Written by M.J. Rawls
Read M.J. Rawls’ review of Part 1 of the Preacher Season 2 Premiere here.
“Mumbai Sky Tower” starts in the very bombastic, action-driven fashion that “On The Road” did. This time, it sets up the overall arc of how the episode takes shape: Jesse (Dominic Cooper) and Genesis. Much to Jesse’s dismay, the voice of Genesis does not work to sway the Saint of Killers (Graham McTavish). Jesse, who has used Genesis in an almost flippant fashion in the past, learns of a horrible caveat to it. The trio also witnesses the destruction of Annville. There’s absolutely no turning back on their quest to find God. The concept of home or aborting the mission no longer exists when you don’t have a home to go back to.
Meeting Fiore (Tom Brooke), the Adelphi angel turned illusionist reveals that he hired the Saint of Killers to go after the trio to both kill Jesse and Genesis. As seen in the first episode of the season, Jesse had no qualms about using Genesis, forcing Tulip (Ruth Negga) to step in as a voice of reason. Now, using Genesis is a tracking device for the western killing machine. Like it or not, Jesse will have to use some nuance with his power. Unfortunately, he may find this out the hard way when trusting Fiore.
As always with Preacher, there are scenes of humor that break up the dark storyline to give you a breather. Enter Cassidy (Joseph Gilgun). He eludes to the Saint’s “Terminator-like” nature in the beginning of the episode and does a whole heap of drugs with Fiore, in order to persuade him to help the group. This makes for some funny conversation, admitting the hallucinogenic air of building forts, and playing indoor basketball.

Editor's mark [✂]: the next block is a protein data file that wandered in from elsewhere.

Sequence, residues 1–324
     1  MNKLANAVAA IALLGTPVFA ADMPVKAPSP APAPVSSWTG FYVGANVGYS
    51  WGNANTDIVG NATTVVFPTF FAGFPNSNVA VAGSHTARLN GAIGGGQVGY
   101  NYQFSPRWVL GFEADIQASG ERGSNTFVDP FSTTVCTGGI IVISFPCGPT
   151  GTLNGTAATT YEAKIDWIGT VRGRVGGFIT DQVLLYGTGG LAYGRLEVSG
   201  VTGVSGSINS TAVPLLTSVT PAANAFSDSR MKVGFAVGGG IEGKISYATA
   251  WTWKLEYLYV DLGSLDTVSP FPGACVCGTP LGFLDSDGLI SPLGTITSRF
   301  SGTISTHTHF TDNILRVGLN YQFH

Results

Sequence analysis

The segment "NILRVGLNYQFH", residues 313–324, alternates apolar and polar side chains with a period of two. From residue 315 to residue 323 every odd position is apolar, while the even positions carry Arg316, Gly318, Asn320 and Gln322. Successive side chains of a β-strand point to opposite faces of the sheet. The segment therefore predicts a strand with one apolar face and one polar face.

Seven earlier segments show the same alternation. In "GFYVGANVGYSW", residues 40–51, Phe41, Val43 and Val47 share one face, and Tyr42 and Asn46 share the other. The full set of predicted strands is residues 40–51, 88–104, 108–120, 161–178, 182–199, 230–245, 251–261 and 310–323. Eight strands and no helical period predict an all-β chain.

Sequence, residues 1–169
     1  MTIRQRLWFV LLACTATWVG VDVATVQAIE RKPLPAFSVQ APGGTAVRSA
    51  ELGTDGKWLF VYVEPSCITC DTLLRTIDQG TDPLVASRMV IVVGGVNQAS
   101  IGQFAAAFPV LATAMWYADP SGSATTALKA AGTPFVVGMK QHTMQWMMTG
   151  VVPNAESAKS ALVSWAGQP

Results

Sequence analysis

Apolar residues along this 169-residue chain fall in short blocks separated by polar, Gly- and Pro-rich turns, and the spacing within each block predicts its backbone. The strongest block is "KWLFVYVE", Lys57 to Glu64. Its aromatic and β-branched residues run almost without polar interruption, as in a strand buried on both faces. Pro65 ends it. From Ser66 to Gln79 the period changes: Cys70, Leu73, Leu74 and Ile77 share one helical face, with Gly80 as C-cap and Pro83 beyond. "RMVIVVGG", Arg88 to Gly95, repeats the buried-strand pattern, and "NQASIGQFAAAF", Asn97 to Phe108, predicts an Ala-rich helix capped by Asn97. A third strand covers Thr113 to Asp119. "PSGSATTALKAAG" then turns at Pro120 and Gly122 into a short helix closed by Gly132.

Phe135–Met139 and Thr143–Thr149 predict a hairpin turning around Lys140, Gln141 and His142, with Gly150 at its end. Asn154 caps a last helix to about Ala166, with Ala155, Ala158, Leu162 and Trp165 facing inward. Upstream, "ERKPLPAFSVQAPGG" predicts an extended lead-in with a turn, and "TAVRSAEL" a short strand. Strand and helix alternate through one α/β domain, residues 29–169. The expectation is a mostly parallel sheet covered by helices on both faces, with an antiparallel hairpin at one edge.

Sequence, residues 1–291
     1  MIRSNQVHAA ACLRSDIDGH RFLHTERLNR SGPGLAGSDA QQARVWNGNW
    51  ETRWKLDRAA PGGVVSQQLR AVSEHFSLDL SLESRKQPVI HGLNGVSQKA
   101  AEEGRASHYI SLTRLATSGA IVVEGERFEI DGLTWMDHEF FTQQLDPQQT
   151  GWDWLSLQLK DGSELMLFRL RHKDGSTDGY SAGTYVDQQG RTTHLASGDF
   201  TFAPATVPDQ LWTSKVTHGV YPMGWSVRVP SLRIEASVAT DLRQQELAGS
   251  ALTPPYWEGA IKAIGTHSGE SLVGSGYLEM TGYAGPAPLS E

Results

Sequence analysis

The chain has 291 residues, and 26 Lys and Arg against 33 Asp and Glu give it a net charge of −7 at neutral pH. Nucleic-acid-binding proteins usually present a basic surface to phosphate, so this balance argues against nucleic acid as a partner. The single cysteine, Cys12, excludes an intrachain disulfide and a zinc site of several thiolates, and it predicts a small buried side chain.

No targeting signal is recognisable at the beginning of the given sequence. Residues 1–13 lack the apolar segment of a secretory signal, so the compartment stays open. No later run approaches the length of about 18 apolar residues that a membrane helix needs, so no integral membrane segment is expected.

Tulip gets to showcase that she can hold her own, taking out Gary (Michael Beasley), but the secrets will no doubt burden the group. Tulip has her “link” to Cassidy and Victor. Who is Victor? We don’t know, but Tulip’s apprehension to go to New Orleans may have something to do with her past and her sudden rejection to commit to Jesse. We’re two episodes into the new season and there’s a balance to what makes the show stand out.
The gore is used to show the brutality of certain characters, but it’s not completely relied upon. There are many intersecting storylines that seem interesting and will connect us to the main quest of finding God, without taking too much away from how important that is, hopefully.